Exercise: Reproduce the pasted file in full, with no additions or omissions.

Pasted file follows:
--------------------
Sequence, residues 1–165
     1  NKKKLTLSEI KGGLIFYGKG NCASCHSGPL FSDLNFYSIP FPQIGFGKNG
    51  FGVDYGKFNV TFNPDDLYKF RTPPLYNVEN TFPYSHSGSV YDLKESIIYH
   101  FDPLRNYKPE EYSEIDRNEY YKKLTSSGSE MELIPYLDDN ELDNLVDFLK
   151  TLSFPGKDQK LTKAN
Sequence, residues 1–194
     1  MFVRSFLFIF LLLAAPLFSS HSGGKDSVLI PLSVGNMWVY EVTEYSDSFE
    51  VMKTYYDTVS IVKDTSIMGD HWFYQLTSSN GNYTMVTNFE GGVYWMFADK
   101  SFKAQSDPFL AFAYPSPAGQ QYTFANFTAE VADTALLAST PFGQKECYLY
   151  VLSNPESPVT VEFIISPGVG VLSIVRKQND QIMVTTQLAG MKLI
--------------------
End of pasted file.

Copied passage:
Sequence, residues 1–165
     1  NKKKLTLSEI KGGLIFYGKG NCASCHSGPL FSDLNFYSIP FPQIGFGKNG
    51  FGVDYGKFNV TFNPDDLYKF RTPPLYNVEN TFPYSHSGSV YDLKESIIYH
   101  FDPLRNYKPE EYSEIDRNEY YKKLTSSGSE MELIPYLDDN ELDNLVDFLK
   151  TLSFPGKDQK LTKAN
Sequence, residues 1–194
     1  MFVRSFLFIF LLLAAPLFSS HSGGKDSVLI PLSVGNMWVY EVTEYSDSFE
    51  VMKTYYDTVS IVKDTSIMGD HWFYQLTSSN GNYTMVTNFE GGVYWMFADK
   101  SFKAQSDPFL AFAYPSPAGQ QYTFANFTAE VADTALLAST PFGQKECYLY
   151  VLSNPESPVT VEFIISPGVG VLSIVRKQND QIMVTTQLAG MKLI